Displacement is a human rights issue. It has direct implications to the enjoyment of human rights, and disproportionately affects people living in exposed and vulnerable social conditions. The global community has set the effort by providing key international standards, but only provide significant impact if it is integrated into domestic legal and policy frameworks. In this live session, participants will discuss why it is important to integrate human rights approach into domestic legal and policy networks, and how the situations in Asia Pacific looks like. Drawing from extensive research on Disaster Displacement, this session will invite two experts to discuss the topics: Mathew Scott* (RWI) and Albert Salamanca* (SEI).

Module 7. (Optional) Prevention and Preparedness of Displacement in DRR and CCA  


Why prevention is important and how we are assessing a disaster and climate change risks with gender and human rights approach? This particular module will discuss different measures for preventive and preparedness actions for displacement in DRR and CCAM context with gender and human rights lens. As introductory course, this module will focus on understanding disaster risk, disaster risk management and climate change adaptation and its impact to human rights and displacement,

Module 8. (Optional) Rights and Protection and During and Throughout Displacement  


This module will focus on protection of internally displaced persons (IDPs) during evacuation and throughout the displacement cycle. It will discuss how human rights and gender perspective should be mainstreamed in the process of evacuation and in the management of camps. This module will highlight how women and other vulnerable people in situations of potential vulnerabilty (children, minority, older person, LGBTI) can be protected during evacuation and when they are in temporary shelters. This module will also discuss best practices, challenges, and lessons learned from countries across Asia in providing protection during evacuation and throughout displacement that conforms with human rights principles and key international standards.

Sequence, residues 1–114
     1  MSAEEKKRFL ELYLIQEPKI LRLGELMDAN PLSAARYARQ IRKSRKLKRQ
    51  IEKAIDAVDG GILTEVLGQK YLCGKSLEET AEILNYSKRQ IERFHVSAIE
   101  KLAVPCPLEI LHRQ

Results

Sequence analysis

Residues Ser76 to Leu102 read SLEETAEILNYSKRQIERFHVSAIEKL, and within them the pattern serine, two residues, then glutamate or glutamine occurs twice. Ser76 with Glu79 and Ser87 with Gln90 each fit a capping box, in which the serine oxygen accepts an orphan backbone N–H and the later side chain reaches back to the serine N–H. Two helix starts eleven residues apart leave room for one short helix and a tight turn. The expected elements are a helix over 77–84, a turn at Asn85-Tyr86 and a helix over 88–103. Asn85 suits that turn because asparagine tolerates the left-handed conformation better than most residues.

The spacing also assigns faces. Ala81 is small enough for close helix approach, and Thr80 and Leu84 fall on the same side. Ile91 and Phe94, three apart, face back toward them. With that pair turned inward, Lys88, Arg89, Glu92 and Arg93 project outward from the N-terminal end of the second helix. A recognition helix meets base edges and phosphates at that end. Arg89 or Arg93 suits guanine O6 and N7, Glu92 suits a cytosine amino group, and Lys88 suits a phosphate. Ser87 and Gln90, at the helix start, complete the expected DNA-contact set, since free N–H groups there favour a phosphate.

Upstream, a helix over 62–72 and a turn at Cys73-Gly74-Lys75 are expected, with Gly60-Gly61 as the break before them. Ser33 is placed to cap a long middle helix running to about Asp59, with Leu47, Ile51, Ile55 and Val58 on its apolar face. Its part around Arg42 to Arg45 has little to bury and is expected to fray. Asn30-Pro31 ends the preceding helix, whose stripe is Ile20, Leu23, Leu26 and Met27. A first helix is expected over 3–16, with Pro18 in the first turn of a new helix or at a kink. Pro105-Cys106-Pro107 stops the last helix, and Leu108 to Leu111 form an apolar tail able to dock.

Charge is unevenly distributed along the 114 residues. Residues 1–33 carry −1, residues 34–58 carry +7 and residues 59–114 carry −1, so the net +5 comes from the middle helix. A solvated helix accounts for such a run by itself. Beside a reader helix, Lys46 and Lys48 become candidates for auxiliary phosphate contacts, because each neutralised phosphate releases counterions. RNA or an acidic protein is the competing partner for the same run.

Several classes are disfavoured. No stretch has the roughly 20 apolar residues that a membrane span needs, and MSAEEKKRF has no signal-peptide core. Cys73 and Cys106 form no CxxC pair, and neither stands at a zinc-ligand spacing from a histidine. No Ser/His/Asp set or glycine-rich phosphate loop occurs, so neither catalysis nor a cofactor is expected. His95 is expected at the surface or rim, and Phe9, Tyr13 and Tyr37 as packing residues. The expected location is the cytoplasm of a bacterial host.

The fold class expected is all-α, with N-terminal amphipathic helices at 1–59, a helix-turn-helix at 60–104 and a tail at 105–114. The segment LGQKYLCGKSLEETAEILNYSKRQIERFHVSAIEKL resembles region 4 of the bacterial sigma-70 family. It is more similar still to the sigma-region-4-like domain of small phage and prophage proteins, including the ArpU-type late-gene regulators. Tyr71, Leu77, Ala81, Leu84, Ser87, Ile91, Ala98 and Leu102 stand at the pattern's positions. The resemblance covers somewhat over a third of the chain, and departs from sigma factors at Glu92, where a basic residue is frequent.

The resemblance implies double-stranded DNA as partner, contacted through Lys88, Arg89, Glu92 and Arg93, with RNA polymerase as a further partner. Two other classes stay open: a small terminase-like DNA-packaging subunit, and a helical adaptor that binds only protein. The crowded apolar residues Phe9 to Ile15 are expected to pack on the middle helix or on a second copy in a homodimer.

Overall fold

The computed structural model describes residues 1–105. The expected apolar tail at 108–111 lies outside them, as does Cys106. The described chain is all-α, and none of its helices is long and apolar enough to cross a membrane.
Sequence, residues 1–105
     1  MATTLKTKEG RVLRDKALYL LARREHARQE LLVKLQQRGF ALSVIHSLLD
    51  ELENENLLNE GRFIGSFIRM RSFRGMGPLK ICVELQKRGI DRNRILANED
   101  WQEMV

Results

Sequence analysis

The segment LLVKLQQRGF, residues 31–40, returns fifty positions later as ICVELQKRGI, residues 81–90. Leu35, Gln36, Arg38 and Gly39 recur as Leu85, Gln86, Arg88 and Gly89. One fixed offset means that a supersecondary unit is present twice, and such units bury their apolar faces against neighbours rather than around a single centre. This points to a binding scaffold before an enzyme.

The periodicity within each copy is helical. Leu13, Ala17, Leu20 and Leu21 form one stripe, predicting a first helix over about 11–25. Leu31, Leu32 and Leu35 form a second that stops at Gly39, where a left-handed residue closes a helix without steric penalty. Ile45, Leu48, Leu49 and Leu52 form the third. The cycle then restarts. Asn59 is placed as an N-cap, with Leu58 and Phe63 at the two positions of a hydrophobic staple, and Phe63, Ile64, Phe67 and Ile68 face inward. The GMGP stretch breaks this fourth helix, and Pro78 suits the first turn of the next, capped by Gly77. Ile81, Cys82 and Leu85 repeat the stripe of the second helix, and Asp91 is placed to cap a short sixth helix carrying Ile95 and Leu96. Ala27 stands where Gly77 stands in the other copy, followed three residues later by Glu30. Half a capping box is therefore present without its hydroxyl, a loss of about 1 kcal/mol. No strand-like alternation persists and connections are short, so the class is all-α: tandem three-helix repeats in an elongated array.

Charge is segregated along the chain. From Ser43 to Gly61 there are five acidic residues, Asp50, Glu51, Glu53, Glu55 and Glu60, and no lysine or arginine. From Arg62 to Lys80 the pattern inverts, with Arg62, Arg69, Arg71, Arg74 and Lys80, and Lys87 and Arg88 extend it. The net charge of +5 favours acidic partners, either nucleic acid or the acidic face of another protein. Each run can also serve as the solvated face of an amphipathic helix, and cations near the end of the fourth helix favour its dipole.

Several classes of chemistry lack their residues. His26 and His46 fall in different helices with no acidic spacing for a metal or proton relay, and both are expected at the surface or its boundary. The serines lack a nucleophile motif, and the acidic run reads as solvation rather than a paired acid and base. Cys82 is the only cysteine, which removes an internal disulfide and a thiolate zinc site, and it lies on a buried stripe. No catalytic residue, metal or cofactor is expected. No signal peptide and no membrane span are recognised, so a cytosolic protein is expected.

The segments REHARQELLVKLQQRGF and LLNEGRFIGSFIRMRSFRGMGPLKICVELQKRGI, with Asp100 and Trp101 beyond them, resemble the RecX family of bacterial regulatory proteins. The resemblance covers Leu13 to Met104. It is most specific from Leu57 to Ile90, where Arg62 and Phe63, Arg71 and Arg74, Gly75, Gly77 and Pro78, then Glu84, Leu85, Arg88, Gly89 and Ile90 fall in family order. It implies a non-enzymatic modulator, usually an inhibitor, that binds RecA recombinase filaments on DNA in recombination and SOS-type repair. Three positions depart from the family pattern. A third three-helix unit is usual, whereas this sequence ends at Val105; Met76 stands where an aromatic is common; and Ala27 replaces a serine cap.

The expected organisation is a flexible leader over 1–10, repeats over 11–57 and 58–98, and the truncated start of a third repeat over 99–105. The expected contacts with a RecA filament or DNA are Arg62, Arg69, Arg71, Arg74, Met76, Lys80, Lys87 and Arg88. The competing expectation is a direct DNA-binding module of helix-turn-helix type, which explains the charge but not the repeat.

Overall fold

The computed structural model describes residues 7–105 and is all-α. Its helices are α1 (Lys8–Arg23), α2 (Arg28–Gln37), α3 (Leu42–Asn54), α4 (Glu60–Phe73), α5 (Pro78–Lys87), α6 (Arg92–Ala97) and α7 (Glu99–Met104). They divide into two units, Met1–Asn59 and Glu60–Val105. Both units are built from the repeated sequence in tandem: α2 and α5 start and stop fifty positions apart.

Module 9. (Optional) Urban Displacement and Rights of Climate-induced Internally Displaced Persons.  


In the context of climate change and disaster, rural urban migration is either perceived as failure to adaptation or as a major problem of sustainable urban development. This module attempts to introduce the participants into the literature of rapid urbanisation treads in developing countries, extent of climate induced rural urban internal migration in those countries, experience of climate change, urbanisation and migration policies in addressing the needs of rapidly urbanized locations and their inhabitants in attaining sustainable development.


Module 10. (Optional) Displacement and Covid-19 as New Challenges   


This module discusses COVID-19 and urban settlement, COVID-19 and internal displacement, COVID-19 and emergency camp management. The effects of the COVID-19 pandemic on enjoyment of the right to a healthy environment in displacement situations will also be addressed

Module 11. (Mandatory) Action after displacement resulting from disaster and climate change: Durable Solutions, Long Term Solutions, and human-centered Policy                  

This module will start by discussing what a durable solution is and why it is important. The module then invites students to consider long-term aspects and sustainable solutions for people displaced in the context of disasters and climate change, incorporating a human rights based approach including recognizing the agency of the people and local community involved. It aims to go beyond notions of vulnerability, seeing people as an agents of change, as well as enhancing policy designs that put humans at the centre, which will help communities in the long-run. This module is design as a live session inviting experts from the regions to discuss durable solutions post displacement. Students will discuss the challenges and opportunities in implementing durable solutions.